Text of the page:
We’ve had a bit of a break from our supperclub duties as of late, but were back with a bang this weekend for the summer. The inspiration for our latest feast was Jamie Oliver’s Jamie Does book, which sees him travel all over Europe putting his twist on local cuisine. This book appealed to me as it’s so colourful and introduces some really exciting ingredients and dishes that you don’t always find in Jamie’s other books, which are accessible but sometimes a bit predictable. We’re both working full time again now so we’ve stopped our double weekender events to make sure that the hosting experience is an enjoyable one for us!
The menu was a good one to prep for in advance which meant that cooking on the night was calm and serene! We welcomed guests with a summery cocktail of our homemade pear wine mixed with homemade elderflower cordial and sparkling water. It was fruity and fresh and seemed to be enjoyed by everyone. Our canapes, served in the library as usual, were an exotic mix of treats from Spain, Morocco and Sweden. They included slivers of hot chorizo cooked with garlic; briouats – filo pastry wraps of a spiced ratatoille; and home made rye crisp breads topped with a salmon and beetroot gravadlax and creme fraiche. These were colourful and full of flavour – a great start to 6 course meal!
Our guests were welcomed down to the dining room with an amouse bouche of summer minestrone and pesto. The minestrone was delicate and mild and was made using some of our homemade veal stock. The swirl of pesto that is stirred in gave it a rich, cheesy and spicy kick. True to our standards, it was probably a bit big for an amouse bouche, especially as we also served warm seeded rolls!
Now Jamie loves a bit of interaction when it comes to food and we didn’t want to disappoint on this front. Using inspiration from his French Roquefort, bacon and walnut salad we invented the ‘DIY’ salad! Guests were presented with piles of seasonal leaves, dressed with a mustardy dressing, and were invited to pimp their salad with a choice from toasted walnuts, crumbles of Yorkshire Blue cheese, giant croutons and candied bacon. This got everybody talking and meant that people could have as much or as little as they wanted of their favourite ingredients. I personally loved the saltiness of the cheese combined with the sweet bacon. When you candy it (simply dip in brown sugar and then bake for 30 mins) the smokiness of the meat takes on a new magical level that I can’t even describe.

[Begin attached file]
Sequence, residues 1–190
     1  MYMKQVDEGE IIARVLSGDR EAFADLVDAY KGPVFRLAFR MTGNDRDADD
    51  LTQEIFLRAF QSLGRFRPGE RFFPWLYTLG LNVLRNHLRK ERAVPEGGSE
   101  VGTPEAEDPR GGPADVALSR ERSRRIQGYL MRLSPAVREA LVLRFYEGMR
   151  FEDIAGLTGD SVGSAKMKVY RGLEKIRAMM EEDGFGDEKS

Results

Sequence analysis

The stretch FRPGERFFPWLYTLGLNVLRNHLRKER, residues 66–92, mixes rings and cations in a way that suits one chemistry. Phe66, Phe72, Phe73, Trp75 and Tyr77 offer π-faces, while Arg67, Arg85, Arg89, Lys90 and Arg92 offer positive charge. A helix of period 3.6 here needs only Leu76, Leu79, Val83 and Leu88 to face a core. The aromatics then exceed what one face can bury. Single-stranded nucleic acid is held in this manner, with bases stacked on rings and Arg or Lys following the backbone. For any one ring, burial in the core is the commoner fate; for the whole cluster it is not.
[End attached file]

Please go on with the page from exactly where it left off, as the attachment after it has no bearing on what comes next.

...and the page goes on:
After a small break from food we presented the main courses. There was a choice of Swedish baked trout, which came baked in its own bag with spinach, or Venetian beef steak with a moreish salsa. The trout was lovely and delicate and the flesh was almost like butter. Jamie’s portion sizes frightened us a bit though as the size he suggested was like a whole side of fish! The beef was a beautiful rib from Keelham Hall Farm shop, who are fast becoming our favourite butcher. The meat was marinated in rosemary and then cooked on a low temperature for about two and a half hours. After it had rested for a good hour it yielded succulent and juicy slices of beef. This was topped with a salsa made of tomatoes, chillies, balsamic vinegar and ricotta cheese. It looks and sounds revolting but trust me on this one, it’s delicious! Both mains came with rosemary new potatoes and good old green beans.
By this stage our guests were nearly full to capacity so we brought out our sorbet, which was a red wine sorbet. This is our new secret weapon as it always perks up weary diners and helps them find their dessert stomachs! Speaking of which, this time it was an eton mess tart for pud. This was a naughty combo of whipped cream, kilos of summer berries macerated with elderflower and mint and tons of homemade chewy meringue. We did a bit of a twist on the tart that Jamie suggested by adorning it with homemade orange curd, rather than just orange zest, which can be a bit perfumey. Instead of normal pastry the bases were a chocolatey shortcakey type biscuit. We piped out the ‘mess’ as best we could, but at the end of the day it is meant to be a mess isn’t it?!! Plates came back clean, which I take as a good sign.
We ended on coffee, tea and petit fours. This is where we usually serve Susie’s signature miniature cupcakes, but we thought we’d experiment with something different. Don’t worry the cupcakes haven’t gone for good, we’ll be bringing them back every now and then. Our petit fours were cubes of tablet, which is a rich and buttery crumbly fudge made with lots of condensed milk. Also on offer were bitesize toasted almond Florentines, nutty and chewy!
Our guests this weekend were an absolute delight. They all embraced the supperclub concept wholeheartedly and were chatting away for hours as if they had been friends for life. This really makes our job easy as we can concentrate on the food and hosting without worrying if people are ok. There was a great atmosphere at the Manor and we look forward to welcoming them all back one day. Amongst the crowd was Mario, proprietor of Gusto Italiano, a new food business in Leeds. We’re off to his supperclub next weekend and are very excited as Mario is such a passionate foodie and has promised us a suckling pig and half a lamb! We’d better not eat all week then!